The Sutton family. Claude Black. Ella Austin. Robert Dawson.
Who are these people? Why are they so significant? Perhaps what comes to mind are the community centers that were named after these people. The Claude Black center is famously where the District 2 City Councilperson’s office is housed. The Ella Austin community center is a long withstanding beacon for the East side community; home to a day care, several community agencies, etc.
Robert Dawson, a 1935 graduate of Phyllis Wheatley High School, was San Antonio’s first licensed African American pilot during World War II. Ella Austin was a pillar of the African American community in San Antonio during the early 20thCentury. Lastly, the Sutton family was one of the San Antonio wealthiest and most successful African American families. Almost all of them were college educated and were at the epicenter of the San Antonio’s flourishing Black community.
Yet somehow, they have managed to slip through the cracks of Texas history.
Photo: Ella Austin, Credit: ellaaustin.org
Certainly, a myriad of thoughts come to mind the moment these names are uttered, but naturally one of the first questions should be why aren’t these historical figures found in a textbook, especially in a San Antonio school district? It only seems fair that we learn about the Battle of Alamo and the many cast members to this epic tale; Juan Seguin, Antonio Lopez de Santa Anna, Davy Crockett, James Bowie, etc. These figures are important to both Texas history and San Antonio history. Yet why are the African American historical figures without so much as a footnote let alone a chapter in the saga of San Antonio history.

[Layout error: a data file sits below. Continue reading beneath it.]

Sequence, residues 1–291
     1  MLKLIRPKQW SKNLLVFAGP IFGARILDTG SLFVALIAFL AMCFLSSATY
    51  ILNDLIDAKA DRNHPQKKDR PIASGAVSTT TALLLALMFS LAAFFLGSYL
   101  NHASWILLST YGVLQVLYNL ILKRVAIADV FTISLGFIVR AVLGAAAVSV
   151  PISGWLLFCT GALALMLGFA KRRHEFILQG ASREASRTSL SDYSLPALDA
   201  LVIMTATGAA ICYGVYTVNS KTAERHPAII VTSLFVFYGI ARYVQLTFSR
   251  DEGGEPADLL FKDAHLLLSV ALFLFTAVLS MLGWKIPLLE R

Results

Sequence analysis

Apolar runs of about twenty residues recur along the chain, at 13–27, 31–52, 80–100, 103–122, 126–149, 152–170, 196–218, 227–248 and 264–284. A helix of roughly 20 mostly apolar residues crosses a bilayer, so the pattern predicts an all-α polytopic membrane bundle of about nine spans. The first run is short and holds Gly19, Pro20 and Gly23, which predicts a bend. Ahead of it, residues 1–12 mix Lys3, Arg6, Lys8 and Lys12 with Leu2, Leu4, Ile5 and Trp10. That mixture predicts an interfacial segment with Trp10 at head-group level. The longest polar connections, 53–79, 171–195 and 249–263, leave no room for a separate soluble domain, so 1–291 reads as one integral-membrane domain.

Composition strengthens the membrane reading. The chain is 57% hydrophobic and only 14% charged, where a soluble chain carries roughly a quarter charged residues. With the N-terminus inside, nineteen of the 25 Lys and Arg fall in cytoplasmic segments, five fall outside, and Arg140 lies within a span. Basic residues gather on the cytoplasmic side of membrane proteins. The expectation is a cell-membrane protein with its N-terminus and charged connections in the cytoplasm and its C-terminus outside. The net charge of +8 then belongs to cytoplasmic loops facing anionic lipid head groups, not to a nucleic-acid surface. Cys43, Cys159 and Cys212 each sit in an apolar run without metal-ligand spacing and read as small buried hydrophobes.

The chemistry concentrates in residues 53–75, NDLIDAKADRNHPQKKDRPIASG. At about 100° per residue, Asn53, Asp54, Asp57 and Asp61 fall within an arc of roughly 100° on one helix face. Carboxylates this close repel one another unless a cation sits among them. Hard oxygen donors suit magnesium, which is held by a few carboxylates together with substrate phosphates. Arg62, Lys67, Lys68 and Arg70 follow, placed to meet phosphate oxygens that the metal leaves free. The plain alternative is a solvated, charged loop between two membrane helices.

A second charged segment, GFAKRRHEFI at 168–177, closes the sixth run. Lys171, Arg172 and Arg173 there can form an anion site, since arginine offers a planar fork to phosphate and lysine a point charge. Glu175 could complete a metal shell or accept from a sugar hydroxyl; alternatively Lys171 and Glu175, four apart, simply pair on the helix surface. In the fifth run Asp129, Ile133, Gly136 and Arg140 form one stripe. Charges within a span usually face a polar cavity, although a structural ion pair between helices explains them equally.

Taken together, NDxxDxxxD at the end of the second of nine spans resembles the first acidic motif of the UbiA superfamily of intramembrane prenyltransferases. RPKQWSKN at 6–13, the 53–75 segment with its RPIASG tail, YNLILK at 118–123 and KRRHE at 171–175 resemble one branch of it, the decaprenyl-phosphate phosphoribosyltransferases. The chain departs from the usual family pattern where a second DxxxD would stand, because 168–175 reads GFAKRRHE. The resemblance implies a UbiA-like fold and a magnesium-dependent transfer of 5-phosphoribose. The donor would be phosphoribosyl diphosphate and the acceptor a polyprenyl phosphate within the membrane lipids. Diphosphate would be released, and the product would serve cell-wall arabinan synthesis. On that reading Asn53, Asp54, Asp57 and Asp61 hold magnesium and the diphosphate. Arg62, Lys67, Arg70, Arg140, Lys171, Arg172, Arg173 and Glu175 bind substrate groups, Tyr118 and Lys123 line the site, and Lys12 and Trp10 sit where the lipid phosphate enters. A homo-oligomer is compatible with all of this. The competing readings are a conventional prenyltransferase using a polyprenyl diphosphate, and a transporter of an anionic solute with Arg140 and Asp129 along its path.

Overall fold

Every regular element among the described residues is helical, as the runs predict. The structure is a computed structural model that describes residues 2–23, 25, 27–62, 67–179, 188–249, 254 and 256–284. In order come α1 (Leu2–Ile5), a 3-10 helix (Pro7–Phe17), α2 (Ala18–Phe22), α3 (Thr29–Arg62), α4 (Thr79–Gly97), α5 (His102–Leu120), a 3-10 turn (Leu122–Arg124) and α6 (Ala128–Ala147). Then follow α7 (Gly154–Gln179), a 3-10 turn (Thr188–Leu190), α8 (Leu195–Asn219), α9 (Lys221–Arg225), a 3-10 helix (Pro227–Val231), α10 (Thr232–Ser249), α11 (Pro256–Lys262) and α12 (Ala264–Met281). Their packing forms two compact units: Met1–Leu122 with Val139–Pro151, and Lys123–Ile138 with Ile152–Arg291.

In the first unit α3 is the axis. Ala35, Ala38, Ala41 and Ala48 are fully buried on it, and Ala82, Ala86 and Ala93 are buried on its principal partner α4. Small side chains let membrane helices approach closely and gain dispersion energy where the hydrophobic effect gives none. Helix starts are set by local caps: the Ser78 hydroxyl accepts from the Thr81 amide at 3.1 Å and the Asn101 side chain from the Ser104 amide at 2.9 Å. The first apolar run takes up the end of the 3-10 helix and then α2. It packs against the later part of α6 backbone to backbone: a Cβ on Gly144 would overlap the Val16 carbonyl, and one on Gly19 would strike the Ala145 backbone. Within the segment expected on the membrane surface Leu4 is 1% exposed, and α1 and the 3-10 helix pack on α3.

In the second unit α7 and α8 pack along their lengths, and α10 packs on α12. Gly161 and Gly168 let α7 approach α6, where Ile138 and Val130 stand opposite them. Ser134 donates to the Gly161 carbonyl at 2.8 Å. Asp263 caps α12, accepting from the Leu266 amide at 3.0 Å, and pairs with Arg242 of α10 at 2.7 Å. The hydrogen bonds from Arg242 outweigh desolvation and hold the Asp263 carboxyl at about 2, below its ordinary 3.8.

Of course, Percy Sutton, Claude Black, Ella Austin, and Robert Dawson aren’t the only African American historical figures left off the page. But they are a good place to start unpacking why they are not taught in the history curriculum.
Debating over what goes into the school textbooks is not a foreign topic. Over the past few years, several news outlets such as The Daily Texas Online and the Washington Post have reported on occasions surrounding the state of Texas voting on revisions to the textbooks, ranging from accurate units on Hispanic/ Latin American history to the comparison of slavery to internships.
According to a 2013 Newslo article, “After revising textbooks last year to emphasize Christian influences on the Founding Fathers and introduce Intelligent Design to biology classes, the Board voted nine to zero today to change official nomenclature regarding slavery. In Texas, students will now be taught that slaves were not kidnapped and exploited against their will but were actually ‘unpaid interns.’”
The question remains as to why San Antonio Black history is not better accounted for? Though there are measures that are being taken by the city to reflect their contributions such as the buildings, several commissions being developed, and of course, the opening of the San Antonio African American Community Archive and Museum. Beyond these measures, no other has been taken to add any of this to the textbooks utilized in San Antonio school districts.
There is no doubt the contributions of Claude Black, Ella Austin, the Sutton family, and Robert Dawson still run though the city of San Antonio today. But the fact they are invisible from the school textbooks, where their contributions would be preserved for generations to come beyond the Alamo city, trivializes their legacies.